These are the champagnes we’re drinking this Christmas

Billecart-Salmon Brut Sous Bois

£65.00

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Nyetimber Blanc De Blancs 2014

Why should you choose it? Because, despite it not officially being a champagne, this English sparkling wine is among the finest examples of fizz for the festive season. Smartly dressed and full of characterful Chardonnay, it’s a single variety delight.

What does it taste like? You wouldn’t think it for that light gold hue, but this one’s teeming with flavours. Aromas of citrus and honeysuckle lead into subtle brioche and vanilla characters, before notes of baked lemon and peach finish things off.

When should you open it? During that Boxing Day lull. Such is the mastery and finesse of this English wine, you’ll want to devote your full attention to the craft and character of every fluteful. Enjoy it when everyone else is having a post-turkey sandwich nap.

These are the champagnes we’re drinking this Christmas

Nyetimber Blanc De Blancs 2014

£46.00

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Lanson Le Vintage 2009

Why should you choose it? Because the 2009 harvest was a particularly good year; offering a complex wine characterised by its richness, its freshness, its generous aromatic expression, and its balance. A crowd-pleaser.

What does it taste like? The almost half-and-half split of Chardonnay and Pinot Noir afford this one a spectrum of flavours; from apricot and acacia flowers to lime-blossom, candied fruits and rounded, robust pear. 

When should you open it? When you’re with family. Certain vintages — 1955, 1976 and this 2009 — have built the reputation of Lanson over time, so it only seems fair to celebrate this bottling in similarly generational company.

These are the champagnes we’re drinking this Christmas

Lanson Le Vintage 2009

£49.99

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Bollinger Special Cuvee 007 Limited Edition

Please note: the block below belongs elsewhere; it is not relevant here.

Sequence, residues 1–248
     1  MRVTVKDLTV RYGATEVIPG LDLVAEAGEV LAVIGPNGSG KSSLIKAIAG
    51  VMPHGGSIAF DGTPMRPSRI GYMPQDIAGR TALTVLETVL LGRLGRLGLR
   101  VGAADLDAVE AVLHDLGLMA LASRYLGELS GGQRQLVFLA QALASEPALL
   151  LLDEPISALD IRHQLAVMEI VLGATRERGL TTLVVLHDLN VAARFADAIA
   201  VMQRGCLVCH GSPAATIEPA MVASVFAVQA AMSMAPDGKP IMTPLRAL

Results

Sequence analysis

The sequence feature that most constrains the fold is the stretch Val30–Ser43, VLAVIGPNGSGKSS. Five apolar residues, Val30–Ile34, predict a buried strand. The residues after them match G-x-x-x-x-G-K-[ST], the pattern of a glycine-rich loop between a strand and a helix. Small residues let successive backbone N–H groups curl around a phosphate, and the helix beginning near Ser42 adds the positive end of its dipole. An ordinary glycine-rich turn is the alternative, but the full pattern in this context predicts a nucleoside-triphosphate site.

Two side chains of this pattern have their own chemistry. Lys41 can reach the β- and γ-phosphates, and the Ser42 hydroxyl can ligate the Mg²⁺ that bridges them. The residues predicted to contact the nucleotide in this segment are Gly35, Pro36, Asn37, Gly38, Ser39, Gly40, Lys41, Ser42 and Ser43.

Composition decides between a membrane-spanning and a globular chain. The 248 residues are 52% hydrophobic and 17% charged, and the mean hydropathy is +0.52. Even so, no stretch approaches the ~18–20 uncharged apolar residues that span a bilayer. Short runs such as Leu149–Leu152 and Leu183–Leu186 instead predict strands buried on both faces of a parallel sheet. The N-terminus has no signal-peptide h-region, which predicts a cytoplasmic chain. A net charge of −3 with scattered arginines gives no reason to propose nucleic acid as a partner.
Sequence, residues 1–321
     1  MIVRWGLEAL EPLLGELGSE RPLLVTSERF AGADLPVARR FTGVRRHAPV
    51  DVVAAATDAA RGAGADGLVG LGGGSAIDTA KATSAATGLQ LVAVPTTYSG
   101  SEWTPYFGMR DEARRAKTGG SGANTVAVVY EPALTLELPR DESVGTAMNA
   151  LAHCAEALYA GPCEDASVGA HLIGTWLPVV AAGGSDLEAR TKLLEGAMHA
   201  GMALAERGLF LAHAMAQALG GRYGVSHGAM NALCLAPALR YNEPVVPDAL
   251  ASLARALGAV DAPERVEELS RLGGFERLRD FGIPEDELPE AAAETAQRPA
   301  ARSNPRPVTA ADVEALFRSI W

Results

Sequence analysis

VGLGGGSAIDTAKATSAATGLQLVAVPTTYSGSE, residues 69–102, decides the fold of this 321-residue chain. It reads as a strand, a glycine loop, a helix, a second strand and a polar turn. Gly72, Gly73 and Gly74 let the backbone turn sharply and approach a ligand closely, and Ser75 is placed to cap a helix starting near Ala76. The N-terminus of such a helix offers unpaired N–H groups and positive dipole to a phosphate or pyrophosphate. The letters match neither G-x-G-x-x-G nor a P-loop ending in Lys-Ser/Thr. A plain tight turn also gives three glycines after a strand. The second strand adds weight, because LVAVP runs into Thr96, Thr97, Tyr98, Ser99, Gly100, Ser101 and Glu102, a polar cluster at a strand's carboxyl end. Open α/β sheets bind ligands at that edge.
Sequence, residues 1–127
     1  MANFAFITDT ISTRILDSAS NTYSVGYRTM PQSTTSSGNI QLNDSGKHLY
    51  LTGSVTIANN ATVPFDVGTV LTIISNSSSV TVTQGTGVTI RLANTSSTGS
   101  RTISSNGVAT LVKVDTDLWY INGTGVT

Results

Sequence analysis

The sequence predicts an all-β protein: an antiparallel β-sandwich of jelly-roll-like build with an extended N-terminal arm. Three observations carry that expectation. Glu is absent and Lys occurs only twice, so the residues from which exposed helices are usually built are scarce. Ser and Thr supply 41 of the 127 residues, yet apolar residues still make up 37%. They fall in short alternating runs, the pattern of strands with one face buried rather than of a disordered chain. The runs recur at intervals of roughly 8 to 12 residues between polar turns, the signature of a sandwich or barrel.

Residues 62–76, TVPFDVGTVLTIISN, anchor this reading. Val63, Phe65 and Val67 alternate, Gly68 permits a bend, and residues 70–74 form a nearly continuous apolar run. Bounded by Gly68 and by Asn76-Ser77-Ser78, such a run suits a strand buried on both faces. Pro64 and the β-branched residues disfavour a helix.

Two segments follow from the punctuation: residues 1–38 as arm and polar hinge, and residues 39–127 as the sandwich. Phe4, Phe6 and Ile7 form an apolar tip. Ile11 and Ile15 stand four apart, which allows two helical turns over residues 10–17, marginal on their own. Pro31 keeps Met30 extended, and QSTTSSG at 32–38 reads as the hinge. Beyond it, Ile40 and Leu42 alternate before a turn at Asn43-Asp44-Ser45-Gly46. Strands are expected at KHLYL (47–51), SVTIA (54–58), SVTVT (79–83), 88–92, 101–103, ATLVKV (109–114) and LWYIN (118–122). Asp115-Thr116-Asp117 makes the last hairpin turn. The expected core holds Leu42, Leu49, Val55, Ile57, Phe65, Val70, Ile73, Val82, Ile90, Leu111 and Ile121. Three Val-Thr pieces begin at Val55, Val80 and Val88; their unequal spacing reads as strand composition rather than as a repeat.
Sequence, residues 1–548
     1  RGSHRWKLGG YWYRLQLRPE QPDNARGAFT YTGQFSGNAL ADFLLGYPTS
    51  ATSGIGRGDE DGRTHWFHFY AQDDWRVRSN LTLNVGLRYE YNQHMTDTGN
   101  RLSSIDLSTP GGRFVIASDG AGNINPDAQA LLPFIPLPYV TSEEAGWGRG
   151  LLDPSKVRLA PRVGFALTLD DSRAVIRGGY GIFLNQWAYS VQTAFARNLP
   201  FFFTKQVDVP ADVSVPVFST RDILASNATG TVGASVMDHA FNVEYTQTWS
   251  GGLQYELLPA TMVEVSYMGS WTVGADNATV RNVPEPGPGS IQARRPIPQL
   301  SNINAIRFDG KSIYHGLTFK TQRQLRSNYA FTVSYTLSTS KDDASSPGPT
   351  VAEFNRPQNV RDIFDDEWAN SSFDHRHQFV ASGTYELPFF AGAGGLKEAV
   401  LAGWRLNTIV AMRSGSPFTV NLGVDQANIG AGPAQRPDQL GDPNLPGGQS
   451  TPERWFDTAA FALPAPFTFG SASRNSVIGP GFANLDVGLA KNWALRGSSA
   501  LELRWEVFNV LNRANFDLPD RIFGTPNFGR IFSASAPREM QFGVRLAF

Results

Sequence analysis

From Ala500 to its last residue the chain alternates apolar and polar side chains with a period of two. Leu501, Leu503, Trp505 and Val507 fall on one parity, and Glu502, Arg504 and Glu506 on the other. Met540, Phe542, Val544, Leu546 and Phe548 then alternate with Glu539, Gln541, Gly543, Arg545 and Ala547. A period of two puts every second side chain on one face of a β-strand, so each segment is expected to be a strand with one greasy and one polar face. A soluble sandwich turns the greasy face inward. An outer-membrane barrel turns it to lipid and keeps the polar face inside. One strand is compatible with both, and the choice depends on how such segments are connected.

Why should you choose it? Because, just as we had to wait many months for No Time To Die, it’s also been too long since we had a proper Christmas. Celebrate both with this limited edition; also a perfect gift for fans of the superspy. 

What does it taste like? Despite the DB5 on the box, this is a classic bottle of Bollinger. With a beautifully fine mousse, there are notes of rich apple and peach on the palate, followed by brioche and hearty walnuts to finish.

When should you open it? During a Bond film — when else? Wait until the credits roll on The Great Escape, and then pop on your favourite 007 film (but not before popping the cork on this limited edition bottle).

These are the champagnes we’re drinking this Christmas

Bollinger Special Cuvee 007 Limited Edition

£54.00

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Taittinger Brut Vintage 2014

Why should you choose it? Speaking of Bond above, the man from MI6 also had a soft spot for Taittinger. As do we. Choose this delectable, dark-bottled champagne if you’re looking for something at once complex and fresh.

What does it taste like? It’s got a rather crisp, precise palate for such a complex champagne. Notes of fruit and florals swirl around deeper hints of brioche and almond — balanced and tempered by honeysuckle and subtle lime blossom.